There are days – particularly the weekend – when we want to sleep in. After a week of work, we want to get some rest. Often, however, this proves impossible. Street vendors make a point of getting you out of bed.
This post represents an overview of the variables and scenarios currently at play in Venezuela as it moves toward the critical parliamentary elections scheduled for December 6. Political, economic and social factors all entwine to produce a crisis of legitimacy and support for the government of Nicolas Maduro. This crisis may be resolved through a post-electoral transition, or possibly via diverse strategies aimed at impeding or discounting an eventual opposition victory.
The tendency of the Latin American “left” to look for the solution to all problems in the centralized State (rather than popular) control has in fact nothing to do with the left or authentic democracy.
Today, I would like to write about the thousands of Cubans stranded on the border between Nicaragua and Costa Rica, people who are part of a new wave of immigrants crossing the Central American isthmus.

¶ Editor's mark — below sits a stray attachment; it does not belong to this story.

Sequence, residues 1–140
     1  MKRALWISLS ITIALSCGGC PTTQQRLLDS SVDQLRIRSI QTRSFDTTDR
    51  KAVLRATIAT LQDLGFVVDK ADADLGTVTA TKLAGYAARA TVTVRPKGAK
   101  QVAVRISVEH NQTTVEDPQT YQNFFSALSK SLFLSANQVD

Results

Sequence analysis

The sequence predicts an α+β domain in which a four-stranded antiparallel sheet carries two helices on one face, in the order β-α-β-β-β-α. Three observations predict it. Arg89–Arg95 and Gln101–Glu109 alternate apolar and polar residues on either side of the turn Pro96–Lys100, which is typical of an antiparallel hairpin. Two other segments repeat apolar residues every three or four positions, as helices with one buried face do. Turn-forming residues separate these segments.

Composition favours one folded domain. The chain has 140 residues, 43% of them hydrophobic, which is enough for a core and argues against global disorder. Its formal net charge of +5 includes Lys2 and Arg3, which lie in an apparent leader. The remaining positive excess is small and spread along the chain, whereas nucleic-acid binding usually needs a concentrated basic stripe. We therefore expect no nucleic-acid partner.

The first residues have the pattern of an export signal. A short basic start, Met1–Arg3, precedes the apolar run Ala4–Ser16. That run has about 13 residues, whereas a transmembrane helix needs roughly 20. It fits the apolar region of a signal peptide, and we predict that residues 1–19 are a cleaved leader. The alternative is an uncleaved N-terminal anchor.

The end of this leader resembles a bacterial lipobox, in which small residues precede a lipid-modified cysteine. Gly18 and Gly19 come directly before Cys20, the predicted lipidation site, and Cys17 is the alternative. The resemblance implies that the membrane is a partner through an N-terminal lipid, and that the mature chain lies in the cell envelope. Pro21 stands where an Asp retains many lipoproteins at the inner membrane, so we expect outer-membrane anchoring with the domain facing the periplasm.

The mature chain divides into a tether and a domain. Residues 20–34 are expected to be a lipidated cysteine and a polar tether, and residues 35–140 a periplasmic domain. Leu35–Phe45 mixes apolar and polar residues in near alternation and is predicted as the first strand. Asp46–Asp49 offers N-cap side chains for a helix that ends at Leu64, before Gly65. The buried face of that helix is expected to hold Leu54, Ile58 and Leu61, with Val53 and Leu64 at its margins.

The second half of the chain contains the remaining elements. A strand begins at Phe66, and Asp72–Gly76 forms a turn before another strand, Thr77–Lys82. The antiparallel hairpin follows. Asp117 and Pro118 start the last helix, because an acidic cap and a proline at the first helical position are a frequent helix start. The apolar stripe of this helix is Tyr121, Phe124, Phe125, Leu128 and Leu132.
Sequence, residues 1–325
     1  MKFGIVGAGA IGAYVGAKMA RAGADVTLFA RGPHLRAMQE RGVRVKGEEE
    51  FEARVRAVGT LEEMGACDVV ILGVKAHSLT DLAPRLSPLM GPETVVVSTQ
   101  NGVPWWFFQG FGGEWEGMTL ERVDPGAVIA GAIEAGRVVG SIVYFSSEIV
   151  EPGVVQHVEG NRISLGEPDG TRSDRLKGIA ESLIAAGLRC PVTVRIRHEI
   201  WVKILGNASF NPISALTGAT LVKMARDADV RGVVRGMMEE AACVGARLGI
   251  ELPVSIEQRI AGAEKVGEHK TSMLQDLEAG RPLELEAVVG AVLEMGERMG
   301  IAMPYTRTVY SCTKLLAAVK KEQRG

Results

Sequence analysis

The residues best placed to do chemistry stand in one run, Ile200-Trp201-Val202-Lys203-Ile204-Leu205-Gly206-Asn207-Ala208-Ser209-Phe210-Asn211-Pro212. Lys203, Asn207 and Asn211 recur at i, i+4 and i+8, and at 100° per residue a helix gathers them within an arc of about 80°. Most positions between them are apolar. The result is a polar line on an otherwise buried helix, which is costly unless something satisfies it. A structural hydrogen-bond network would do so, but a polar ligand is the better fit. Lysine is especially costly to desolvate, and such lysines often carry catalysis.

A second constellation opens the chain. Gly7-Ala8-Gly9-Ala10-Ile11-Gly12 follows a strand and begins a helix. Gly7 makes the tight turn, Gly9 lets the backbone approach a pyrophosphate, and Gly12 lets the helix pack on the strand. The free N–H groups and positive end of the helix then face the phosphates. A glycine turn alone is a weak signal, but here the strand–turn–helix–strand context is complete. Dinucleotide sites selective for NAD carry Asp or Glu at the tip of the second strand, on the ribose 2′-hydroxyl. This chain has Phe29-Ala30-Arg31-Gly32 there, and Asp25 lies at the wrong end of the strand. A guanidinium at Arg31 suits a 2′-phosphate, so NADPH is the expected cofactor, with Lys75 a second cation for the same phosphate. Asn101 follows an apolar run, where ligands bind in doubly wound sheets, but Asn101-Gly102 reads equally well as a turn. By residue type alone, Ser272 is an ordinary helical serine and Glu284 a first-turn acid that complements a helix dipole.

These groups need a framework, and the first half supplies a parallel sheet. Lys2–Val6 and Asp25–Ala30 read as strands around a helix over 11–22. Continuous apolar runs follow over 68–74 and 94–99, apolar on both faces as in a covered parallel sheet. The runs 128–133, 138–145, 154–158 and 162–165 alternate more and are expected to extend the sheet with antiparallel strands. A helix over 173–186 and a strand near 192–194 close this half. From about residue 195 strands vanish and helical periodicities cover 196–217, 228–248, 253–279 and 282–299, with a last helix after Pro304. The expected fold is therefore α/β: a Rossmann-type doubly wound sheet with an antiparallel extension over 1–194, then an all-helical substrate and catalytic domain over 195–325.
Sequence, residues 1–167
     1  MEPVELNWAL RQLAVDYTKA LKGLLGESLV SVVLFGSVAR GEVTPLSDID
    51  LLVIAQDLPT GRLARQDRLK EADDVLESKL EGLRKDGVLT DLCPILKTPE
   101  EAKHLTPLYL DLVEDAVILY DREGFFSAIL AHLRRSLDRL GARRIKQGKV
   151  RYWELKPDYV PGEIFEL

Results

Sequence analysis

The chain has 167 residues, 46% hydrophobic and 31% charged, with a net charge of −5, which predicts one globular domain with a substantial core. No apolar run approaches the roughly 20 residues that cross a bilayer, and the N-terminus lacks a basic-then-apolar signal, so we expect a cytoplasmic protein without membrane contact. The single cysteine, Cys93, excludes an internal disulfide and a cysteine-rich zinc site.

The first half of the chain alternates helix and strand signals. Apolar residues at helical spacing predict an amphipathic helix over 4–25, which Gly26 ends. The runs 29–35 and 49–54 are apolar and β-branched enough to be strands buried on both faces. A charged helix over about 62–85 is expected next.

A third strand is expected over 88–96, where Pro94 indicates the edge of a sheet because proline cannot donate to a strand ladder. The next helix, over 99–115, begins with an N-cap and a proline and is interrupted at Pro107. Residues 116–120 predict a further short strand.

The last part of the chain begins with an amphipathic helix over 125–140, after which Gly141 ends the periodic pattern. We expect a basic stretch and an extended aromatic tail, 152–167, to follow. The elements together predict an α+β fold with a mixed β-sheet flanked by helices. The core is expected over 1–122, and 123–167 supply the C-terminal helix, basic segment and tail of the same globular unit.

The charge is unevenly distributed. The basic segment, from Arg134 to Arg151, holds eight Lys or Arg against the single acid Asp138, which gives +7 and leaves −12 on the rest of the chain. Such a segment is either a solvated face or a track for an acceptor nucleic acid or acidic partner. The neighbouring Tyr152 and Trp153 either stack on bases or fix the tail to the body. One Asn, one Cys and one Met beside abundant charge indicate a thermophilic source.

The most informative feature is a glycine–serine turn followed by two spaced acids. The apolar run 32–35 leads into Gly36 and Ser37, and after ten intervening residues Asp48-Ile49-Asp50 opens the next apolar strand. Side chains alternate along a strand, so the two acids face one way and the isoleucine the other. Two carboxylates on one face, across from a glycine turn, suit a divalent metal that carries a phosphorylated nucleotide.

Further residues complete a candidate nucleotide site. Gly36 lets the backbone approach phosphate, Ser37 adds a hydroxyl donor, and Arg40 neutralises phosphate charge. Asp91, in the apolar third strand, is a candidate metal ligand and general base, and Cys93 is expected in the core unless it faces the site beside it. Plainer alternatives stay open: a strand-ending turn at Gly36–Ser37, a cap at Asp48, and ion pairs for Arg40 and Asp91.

Requiring Cubans to secure a visitor’s visa, a measure Ecuador announced this Thursday, is but a small step in a long road ahead of us and does not resolve the current regional crisis sparked off by the many Cuban migrants currently stranded on the border between Costa Rica and Nicaragua.
Back when the complete works of Lenin adorned the living rooms of Cubans, there were no color TV sets, everyone went to the movies and US dollars were the Phantom of the Opera, Albert told his best friend that he was a homosexual. At the time, no one used the word “gay” and “homosexual” was a sophisticated and rather strange term. The common word people used was “faggot.”
“Meetings come and go. They are just that, meetings.” The phrase above was pronounced during the first gathering sponsored by the Loyola Center, whose forum debated about Pope Francis’ efforts in connection with Cuba and the United States.
What we have witnessed fifty-six years after the revolution is that, in effect, Cuba has definitively ceased to be a viable solution for the left (so much so, that all measures aimed to “update” Cuba’s economic model have a markedly neoliberal slant and continue to support State monopoly).
The lines Cubans stand in while waiting to board city buses aren’t like other lines. To begin with, they never start at a fixed location. Those waiting in these lines must have eagle eyes and enough of an athletic disposition to run like hell when needed.
Cuba’s economic reforms remind me of those rivers that begin to swell as they flow downhill. To try and set a pre-established pace for these changes is like thinking that one can make a raft stop in the middle of the river.